High Sierra Trail to Mt Whitney: Day 2

After some much needed rest after day 1, we woke up in beautiful Bearpaw Meadow with the sun breaking through the pine trees canopy.


Day 2 of our High Sierra Trail to Mt Whitney trip was when things started to get a bit challenging. Our goal was to wake up in Bearpaw Meadow and hike roughly 11 miles to Arroyo Junction. Looking at the map below, you can see our proposed hike for the day, and see where we actually stopped. We made it maybe a little over half way before it got late and we ended up making camp 2 on cliffs in Kaweah Gap above Precipice Lake.



After waking up in the pine forests, day 2 started out similar to day 1. We hiked out of the forests and started hiking along the ridge line. Today the the Snow capped mountains were closer and calling my name, I was getting more excited the closer we came.

Hiking along the trail, which is a little steeper then the first day, we came to a man made bridge over an awesome ravine. Because of the snow melt the water below in the ravine was raging. Needless to say, I was very happy that there was a man made bridge at this point, this would not have been fun to climb down, across and back up.


We moved higher and higher, slowly getting it closer to a large waterfall we could here in the distance. As we approached the waterfall we could tell we were getting close to Hamilton Lake, and the snow capped Kaweah Gap. When we got to the water fall, we had to stop and think of our route across. The point at which the trail came to the waters edge was not an ideal place to cross. The water was deep due to the melting snow, it was moving quick, had a large waterfall drop to the right and another waterfall up stream to the left. Deciding not to cross close to the big drop on the right, we moved left up stream and climbed some large logs across, while simultaneously getting cooled off from the mist of the waterfall on our left.

After successfully crossing the water feature and staying mostly dry, we came up to the little brother of Hamilton Lake. One view that I just could not get over that kept repeating itself the entire trip, were the little mountain run offs in the background. As a result of the snow quick snow melt there were mountain streams running off in just about every direction of every mountain top.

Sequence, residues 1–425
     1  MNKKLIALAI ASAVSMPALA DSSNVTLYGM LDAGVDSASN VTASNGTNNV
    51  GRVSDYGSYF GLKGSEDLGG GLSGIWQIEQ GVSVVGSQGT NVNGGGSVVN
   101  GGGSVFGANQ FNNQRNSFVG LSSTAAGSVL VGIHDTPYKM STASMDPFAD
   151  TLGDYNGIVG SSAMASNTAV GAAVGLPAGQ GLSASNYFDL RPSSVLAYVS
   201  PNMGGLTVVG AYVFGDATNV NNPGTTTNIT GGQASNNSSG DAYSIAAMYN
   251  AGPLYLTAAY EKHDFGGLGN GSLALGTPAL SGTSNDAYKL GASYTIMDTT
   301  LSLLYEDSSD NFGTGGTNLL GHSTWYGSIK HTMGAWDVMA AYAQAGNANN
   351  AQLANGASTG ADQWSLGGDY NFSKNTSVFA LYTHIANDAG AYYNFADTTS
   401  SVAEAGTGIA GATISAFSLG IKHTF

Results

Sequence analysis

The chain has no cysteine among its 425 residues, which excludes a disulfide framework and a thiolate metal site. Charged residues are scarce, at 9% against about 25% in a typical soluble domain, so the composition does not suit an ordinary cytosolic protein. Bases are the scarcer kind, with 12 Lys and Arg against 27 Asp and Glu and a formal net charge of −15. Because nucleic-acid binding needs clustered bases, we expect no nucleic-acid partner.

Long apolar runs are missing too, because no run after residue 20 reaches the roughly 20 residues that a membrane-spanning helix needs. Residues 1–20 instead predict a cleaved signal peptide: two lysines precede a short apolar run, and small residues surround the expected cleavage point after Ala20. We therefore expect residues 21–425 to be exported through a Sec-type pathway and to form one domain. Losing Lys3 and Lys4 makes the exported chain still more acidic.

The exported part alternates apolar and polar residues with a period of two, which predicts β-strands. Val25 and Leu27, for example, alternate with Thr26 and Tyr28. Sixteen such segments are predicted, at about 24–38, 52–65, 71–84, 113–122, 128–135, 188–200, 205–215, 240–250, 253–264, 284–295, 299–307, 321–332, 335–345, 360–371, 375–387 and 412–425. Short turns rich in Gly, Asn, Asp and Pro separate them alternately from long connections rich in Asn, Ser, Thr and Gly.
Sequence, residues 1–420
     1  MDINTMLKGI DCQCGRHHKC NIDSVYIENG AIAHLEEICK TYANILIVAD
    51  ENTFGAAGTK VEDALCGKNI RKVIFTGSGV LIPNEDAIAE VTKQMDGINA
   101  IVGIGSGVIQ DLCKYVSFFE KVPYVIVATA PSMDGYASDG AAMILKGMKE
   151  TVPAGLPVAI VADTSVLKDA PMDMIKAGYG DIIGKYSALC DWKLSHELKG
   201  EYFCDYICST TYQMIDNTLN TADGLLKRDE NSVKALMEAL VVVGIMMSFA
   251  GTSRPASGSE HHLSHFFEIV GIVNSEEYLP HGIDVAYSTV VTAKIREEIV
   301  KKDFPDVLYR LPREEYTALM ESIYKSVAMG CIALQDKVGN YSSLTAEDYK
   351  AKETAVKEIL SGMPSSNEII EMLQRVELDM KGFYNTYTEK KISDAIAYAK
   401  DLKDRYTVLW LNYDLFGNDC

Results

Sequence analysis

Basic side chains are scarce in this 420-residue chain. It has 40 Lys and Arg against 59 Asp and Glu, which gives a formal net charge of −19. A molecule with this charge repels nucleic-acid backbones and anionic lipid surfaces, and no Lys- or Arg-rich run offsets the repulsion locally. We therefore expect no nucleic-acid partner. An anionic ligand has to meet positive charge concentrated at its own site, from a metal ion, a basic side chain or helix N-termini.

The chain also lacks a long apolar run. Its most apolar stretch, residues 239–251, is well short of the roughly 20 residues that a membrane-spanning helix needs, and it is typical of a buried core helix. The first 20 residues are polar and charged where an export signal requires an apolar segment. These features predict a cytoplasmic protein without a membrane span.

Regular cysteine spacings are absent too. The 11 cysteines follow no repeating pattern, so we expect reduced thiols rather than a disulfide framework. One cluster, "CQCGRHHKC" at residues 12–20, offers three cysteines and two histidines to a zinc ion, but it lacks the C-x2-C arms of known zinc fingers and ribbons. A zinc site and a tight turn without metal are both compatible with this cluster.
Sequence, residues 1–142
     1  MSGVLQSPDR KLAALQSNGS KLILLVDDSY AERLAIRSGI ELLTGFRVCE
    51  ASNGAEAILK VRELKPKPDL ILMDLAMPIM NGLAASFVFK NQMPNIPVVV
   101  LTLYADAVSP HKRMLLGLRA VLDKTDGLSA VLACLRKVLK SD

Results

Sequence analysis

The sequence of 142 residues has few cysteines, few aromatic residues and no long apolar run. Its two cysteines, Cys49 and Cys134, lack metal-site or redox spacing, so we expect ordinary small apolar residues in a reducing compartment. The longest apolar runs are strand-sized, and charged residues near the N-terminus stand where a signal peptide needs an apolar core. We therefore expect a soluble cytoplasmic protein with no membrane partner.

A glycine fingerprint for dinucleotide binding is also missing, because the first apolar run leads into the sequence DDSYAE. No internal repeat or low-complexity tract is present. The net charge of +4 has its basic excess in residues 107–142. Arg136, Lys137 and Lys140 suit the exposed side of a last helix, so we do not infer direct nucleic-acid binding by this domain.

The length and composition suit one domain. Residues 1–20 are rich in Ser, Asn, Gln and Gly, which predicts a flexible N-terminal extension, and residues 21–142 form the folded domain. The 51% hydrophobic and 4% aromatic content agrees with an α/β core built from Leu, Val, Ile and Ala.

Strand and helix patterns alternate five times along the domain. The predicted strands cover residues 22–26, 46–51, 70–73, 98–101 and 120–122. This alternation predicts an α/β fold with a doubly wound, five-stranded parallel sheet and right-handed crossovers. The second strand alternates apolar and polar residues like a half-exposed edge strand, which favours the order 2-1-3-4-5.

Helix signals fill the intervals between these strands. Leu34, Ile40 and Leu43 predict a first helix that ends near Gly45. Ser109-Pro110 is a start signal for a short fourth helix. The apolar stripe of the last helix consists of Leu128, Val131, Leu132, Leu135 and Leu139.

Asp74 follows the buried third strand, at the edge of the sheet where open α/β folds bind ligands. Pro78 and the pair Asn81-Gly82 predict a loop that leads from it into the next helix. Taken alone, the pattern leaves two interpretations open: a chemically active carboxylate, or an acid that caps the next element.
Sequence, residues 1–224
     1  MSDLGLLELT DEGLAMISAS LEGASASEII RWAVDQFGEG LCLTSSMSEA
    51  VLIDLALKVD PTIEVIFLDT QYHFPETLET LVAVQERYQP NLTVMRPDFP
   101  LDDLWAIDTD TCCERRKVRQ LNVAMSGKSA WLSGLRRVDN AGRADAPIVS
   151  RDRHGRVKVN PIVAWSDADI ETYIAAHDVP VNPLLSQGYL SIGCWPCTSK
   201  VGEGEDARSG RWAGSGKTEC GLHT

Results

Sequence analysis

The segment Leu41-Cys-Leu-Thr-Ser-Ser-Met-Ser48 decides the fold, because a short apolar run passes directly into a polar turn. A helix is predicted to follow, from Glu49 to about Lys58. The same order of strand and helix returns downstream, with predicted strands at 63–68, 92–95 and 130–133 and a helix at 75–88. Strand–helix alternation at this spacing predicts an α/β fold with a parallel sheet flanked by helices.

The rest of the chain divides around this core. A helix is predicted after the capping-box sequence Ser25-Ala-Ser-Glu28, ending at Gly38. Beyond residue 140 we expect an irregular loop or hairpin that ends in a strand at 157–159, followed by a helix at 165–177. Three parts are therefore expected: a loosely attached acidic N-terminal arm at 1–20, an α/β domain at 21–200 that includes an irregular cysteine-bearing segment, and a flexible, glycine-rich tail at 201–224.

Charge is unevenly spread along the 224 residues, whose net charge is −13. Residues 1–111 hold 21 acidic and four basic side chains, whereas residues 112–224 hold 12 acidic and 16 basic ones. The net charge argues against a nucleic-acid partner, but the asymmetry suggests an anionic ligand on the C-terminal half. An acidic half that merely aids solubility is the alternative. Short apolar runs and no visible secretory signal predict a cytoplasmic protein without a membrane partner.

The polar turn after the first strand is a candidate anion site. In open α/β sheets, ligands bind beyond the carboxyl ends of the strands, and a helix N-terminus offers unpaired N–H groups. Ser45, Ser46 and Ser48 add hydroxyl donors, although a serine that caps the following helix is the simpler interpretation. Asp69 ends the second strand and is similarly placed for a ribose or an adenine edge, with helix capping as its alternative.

Hamilton Lake’s little brother was beautiful but it Hamilton Lake was absolutely stunning. The crystal clear water in a bowl in the sky, surrounded beautiful pine trees, snow and mountain streams, Hamilton Lake was stunning. As we  neared the lake, we hiked right up to the edge, kicked off our shoes and took off our packs. It was a beautiful day, and I soaked my sore feet in the icy cold water. We stopped here for a long lunch and topped off our water sources by filtering the mountain lake water. The long break was awesome and I honestly didn’t want to leave, this may have contributed us not making it through the snow fields high above the lake.

After the amazing break, we got our packs back on and went back to the trail. Again the trail went right up to the waters edge at the tip of the lake. Due to the waters height from the snow melt there was no obvious way across in order to stay dry. At this point of the trip I was beginning to wish I brought some sort of light water shoe for all the crossings we would encounter. We followed the small stream from the mouth of the lake down a little bit and found some logs to climb across…we got lucky again. Once you cross the mouth of the lake the trail begins to wind up the sides of the mountain bowl very very quickly. As we climbed up the side of the bowl, things became a bit more technical as we began to hit ice and snow. The climb did treat us to some even more amazing views of Hamilton Lake down below.


Following the trail brought us to the infamous tunnel. There used to be a steel bridge at this point over a raving, until it fell down years ago. The trail was fixed by blasting a small tunnel in the side of the mountain.

Doing research for this trip, I knew this would be one of the points that could have turned us around. On the trail conditions page for the National Park Service it had this blurb for the trail above Hamilton lake:

5/20 – Trail passable to Hamilton Lake with patchy, slushy snow the last two miles up to the lake. From Hamilton Lake to Precipice Lake extremely dangerous. One group armed with ice axes, crampons, ropes, etc. and alpine winter experience, turned around after attempting an ascent to Precipice Lake from Hamilton. Extreme caution advised. –Source